previews

  • Michael Snow, Authorization, 1969, Polaroid Type 55 prints, adhesive tape, mirror in metal frame, 21 1/2 x 17 1/2".

    “Michael Snow: Photo-Centric”

    Philadelphia Museum of Art
    26th Street and the Benjamin Franklin Parkway
    February 1 - April 27

    Curated by Adelina Vlas

    In Authorization, 1969, Michael Snow transformed the seemingly static, two-dimensional photographic medium into something both sculptural and performative: Shooting his own reflection with a tripod-mounted camera, he then pasted the resulting self-portrait onto the mirror’s surface, repeated the process four more times, and exhibited the collaged result. That same year, in One Second in Montreal, Snow took a different tack, producing a motion picture using only a series of still images of snowy landscapes. Both works showcase the Canadian artist’s eccentric approach to photography, a medium fundamental to his entire oeuvre and the focus of this survey at the Philadelphia Museum (the first exhibition to specifically address this element of his practice since “Projects: Michael Snow—Photographs” at New York’s Museum of Modern Art in 1976). Curator Adelina Vlas will bring together some thirty pieces made between 1962 and 2003 in which Snow diffracts photography across painting, sculpture, film, and music.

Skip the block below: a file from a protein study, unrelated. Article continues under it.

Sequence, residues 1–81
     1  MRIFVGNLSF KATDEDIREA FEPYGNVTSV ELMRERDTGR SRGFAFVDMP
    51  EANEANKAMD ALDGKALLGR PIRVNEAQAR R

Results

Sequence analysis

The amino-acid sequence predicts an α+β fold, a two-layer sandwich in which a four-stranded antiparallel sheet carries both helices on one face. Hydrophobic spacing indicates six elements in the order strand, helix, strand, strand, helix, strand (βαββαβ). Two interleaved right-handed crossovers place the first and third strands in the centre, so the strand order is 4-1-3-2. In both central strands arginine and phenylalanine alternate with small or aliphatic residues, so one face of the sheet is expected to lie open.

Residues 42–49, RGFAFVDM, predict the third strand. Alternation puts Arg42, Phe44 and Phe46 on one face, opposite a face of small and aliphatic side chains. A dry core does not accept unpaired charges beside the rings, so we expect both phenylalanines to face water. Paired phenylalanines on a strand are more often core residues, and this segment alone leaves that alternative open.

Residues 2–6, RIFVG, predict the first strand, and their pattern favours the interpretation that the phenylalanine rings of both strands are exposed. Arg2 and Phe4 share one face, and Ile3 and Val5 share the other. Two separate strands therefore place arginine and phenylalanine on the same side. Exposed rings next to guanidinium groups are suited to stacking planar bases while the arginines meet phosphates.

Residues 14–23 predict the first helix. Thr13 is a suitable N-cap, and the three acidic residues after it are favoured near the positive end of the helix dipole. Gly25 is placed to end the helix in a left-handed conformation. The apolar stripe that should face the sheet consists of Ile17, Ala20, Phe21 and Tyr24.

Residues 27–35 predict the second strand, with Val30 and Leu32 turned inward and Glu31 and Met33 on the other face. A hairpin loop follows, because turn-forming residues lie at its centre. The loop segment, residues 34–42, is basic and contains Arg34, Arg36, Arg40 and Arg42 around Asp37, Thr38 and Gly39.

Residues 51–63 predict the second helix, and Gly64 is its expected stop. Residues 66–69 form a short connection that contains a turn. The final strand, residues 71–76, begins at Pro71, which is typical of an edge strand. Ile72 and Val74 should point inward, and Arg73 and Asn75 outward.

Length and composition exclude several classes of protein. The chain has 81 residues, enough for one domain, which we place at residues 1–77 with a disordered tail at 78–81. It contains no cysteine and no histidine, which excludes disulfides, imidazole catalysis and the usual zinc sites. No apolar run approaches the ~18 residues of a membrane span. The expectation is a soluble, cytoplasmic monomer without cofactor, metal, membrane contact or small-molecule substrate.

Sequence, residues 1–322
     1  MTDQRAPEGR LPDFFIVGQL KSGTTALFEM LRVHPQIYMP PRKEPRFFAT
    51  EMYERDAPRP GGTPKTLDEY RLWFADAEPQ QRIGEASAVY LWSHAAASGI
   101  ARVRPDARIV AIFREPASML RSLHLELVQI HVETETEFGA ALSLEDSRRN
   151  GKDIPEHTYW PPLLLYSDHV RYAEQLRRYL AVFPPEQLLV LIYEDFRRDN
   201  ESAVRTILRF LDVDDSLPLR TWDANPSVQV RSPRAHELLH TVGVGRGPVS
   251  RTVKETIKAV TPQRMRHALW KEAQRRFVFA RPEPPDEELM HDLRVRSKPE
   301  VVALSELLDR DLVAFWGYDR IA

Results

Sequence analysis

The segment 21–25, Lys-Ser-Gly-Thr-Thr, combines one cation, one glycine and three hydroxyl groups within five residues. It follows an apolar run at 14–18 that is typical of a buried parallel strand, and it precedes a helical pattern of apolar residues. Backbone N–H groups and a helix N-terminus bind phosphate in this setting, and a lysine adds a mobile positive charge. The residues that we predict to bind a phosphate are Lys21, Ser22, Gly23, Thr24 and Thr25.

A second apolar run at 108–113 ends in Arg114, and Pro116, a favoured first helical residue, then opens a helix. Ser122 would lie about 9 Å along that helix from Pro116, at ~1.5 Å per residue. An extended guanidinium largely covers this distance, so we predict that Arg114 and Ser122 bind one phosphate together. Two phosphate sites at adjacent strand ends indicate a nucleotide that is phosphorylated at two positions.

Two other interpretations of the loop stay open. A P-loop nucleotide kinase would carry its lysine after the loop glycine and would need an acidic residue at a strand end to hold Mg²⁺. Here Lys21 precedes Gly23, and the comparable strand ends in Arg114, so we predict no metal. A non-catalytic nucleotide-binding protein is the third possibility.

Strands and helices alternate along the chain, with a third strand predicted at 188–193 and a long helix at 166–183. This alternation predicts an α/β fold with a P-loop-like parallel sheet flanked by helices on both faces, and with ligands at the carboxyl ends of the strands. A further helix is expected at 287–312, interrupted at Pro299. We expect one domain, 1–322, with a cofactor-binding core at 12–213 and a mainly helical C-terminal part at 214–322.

• “Ruffneck Constructivists”

    ICA - Institute of Contemporary Art, Philadelphia
    University of Pennsylvania 118 South 36th Street
    February 12 - August 17

    Curated by Kara Walker

    In 2006, Kara Walker made her curatorial debut at the Metropolitan Museum of Art with her post-Katrina exhibition “After the Deluge.” Her sophomore effort’s mash-up title, “Ruffneck Constructivists,” conjoins the ethos of Russia’s revolutionary avant-garde with MC Lyte’s early-1990s track. Walker will go beyond her authorial interest in the psychosexual phantasms of American cultural history in selecting more than thirty recent works by artists from the US, Eastern Europe, and South Africa: Dineo Bopape, Kendell Geers, Arthur Jafa, Kahlil Joseph, Jennie C. Jones, Deana Lawson, Rodney McMillian, William Pope.L, Tim Portlock, Lior Shvil, and Szymon Tomsia. Muscularly responding to ideas of space, policing, and antisociality, the show will emphasize works in sculpture, installation, video, and photography, and will include a full roster of performances, talks, and screenings. The catalogue is designed by artist A. K. Burns, with original texts by Walker and architectural theorist Craig Wilkins.